• We then have another div with an ng-repeat. This is for AngularJS to add and remove our form content.
  • After the ng-repeat, we have an add button. This adds a new collection item onto ng-repeat using our prototype HTML. This is why we needed the addslashes filter, so that we could parse the HTML correctly into AngularJS.

For the include "contacts_prototype.html.twig" we just need to create a small template to render out our new form_row()'s. The remove button is required if you want to be able to remove items. The remove button needs the collection's id so we just need to use {{ }}


{{ form.number }}
<a class="btn btn-danger" title="Remove" ng-click="collectionRemove('{{}}', $index)"><span class="glyphicon glyphicon-remove" aria-hidden="true"></span></a>


Here's an example if you want to embed a collection inside a collection:


{{ form_row( }}   

{# Collection Number - remember to change the names everywhere for your new collection #}   
<div class="row" ng-init="collection('{{ }}')">
    {# Loop Through Existing Collections #}
    {% for phone in form.phones %}
        <span ng-init="collectionAdd('{{ }}','{{ }}','{{ include('AppBundle:prototypes:phones_prototype.html.twig', { 'form': phones })|addslashes }}')"></span>
    {% endfor %}
    {# Angular repeat our dynamic fields #}
    <div ng-repeat="c in collections.{{ }}" ng-bind-html="c.html" compile-template></div>
    <div class="clearfix">
        <div class="col-sm-12"> 
            <a class="btn btn-success" title="Add" ng-click="collectionAdd('{{ }}','{{ }}','{{ include('AppBundle:prototypes:phones_prototype.html.twig', { 'form': form.phones.vars.prototype })|addslashes }}')"><span class="glyphicon glyphicon-plus" aria-hidden="true"></span> Add New Phone</a>
{# //Collection #}

<a class="btn btn-danger" title="Remove" ng-click="collectionRemove('{{}}', $index, 'Are you sure you want to remove this contact?')"><span class="glyphicon glyphicon-remove" aria-hidden="true"></span></a>


Prompt confirmation is built in on the remove button but it is optional. Just leave the 3rd parameter off of the ng-click collecitonRemove to disable the prompt. Add your own custom prompt message if you would like a confirmation before the collection item is removed.

Put It All Together With AngularJS

Now that we have all of our backend code in place, we can go ahead and add our new Angular module:

(function() {
    app = angular.module('SymfonyAngularForm', [])
    //handles form submission validation and collections
    .controller('SymfonyAngularFormController', ['$scope', '$sce', function ($scope, $sce) {

        $scope.collections = []; //this holds the new "models" (the collection's HTML)
        $scope.collectionIndexes = []; //this holds the "model" indexes. We can not reuse the same index when we add/delete (angular will be weird with values)

        $scope.collection = function(collectionId) {
            $scope.collections[collectionId] = [];  //adds new collection with index key to keep track of our index
            $scope.collectionIndexes[collectionId] = 1;  //starts off our index at 1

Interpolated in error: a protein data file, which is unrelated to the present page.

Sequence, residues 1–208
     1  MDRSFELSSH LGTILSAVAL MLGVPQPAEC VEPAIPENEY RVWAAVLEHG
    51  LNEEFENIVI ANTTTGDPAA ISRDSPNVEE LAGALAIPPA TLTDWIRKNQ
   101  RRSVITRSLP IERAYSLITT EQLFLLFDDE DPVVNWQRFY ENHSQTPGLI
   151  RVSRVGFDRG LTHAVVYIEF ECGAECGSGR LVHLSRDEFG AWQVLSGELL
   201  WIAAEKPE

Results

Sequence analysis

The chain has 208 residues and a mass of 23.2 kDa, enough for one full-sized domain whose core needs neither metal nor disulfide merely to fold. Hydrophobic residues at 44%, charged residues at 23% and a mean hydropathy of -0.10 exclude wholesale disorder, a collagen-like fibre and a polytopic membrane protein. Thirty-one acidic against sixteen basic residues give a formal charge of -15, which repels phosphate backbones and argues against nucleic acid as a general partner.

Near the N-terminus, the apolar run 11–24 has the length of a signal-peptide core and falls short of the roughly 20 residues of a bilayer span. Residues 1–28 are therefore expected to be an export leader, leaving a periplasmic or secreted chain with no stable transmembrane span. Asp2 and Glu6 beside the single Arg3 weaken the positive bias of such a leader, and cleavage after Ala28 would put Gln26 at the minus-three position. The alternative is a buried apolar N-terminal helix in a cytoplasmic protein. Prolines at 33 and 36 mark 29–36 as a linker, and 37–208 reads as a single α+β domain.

//Adds one item onto the specific collection
        $scope.collectionAdd = function (collectionId, collectionName, html) {
            var regEx = new RegExp('__'+collectionName+'__', 'g'); //want to replace the prototype placeholders with our collection index
                html: $sce.trustAsHtml(html.replace(regEx, $scope.collectionIndexes[collectionId])),
        //Removes one item from specific collection, optinal message param if you want a message warning to confirm deletion of the item from the collection
        $scope.collectionRemove = function (collectionId, index, message) {
            if (message !== undefined) {
                if (confirm(message)) {
                    $scope.collections[collectionId].splice(index, 1);
            } else {
                $scope.collections[collectionId].splice(index, 1);

        $scope.submitForm = function(form, e) {  
            var formErrors = form.$error;
            if (form.$valid != true) {
                for (var validation in formErrors) {
                    for (var error in formErrors[validation]) {
                $('html, body').animate({
                      scrollTop: $("form[name='"+form.$name+"']").offset().top -100
                }, 2000);  
                alert('Please review the form and correct any errors. All fields should be "green"');

    //this compiles the HTML so angular can "see" it
    .directive('compileTemplate', function($compile, $parse) {
        return {
            link: function (scope, element, attr) {
                var parsed = $parse(attr.ngBindHtml);
                function getStringValue() { return (parsed(scope) || '').toString(); }

                //Recompile if the template changes
                scope.$watch(getStringValue, function() {
                    $compile(element, null, -9999)(scope);  //The -9999 makes it skip directives so that we do not recompile ourselves


Once you have that, you can initate it with ng-app. Don't forget!


Yay! You're done! Now you have Angular form validation for the entirety of your Symfony forms. Symfony still drives the wheel and you can sit back and relax. Angular takes care of all the pesky inconsistancies you get with different browsers and HTML5 validation.